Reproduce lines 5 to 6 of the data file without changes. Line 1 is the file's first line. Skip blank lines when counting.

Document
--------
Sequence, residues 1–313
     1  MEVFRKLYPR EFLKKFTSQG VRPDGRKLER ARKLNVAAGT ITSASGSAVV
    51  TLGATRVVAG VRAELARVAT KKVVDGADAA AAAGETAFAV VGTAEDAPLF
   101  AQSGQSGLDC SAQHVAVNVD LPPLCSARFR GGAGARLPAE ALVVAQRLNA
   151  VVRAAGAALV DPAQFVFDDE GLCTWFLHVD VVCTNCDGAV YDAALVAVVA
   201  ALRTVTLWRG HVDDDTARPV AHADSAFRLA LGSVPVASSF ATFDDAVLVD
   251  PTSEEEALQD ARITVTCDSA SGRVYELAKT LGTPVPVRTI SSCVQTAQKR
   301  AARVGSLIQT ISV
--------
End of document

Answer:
   151  VVRAAGAALV DPAQFVFDDE GLCTWFLHVD VVCTNCDGAV YDAALVAVVA
   201  ALRTVTLWRG HVDDDTARPV AHADSAFRLA LGSVPVASSF ATFDDAVLVD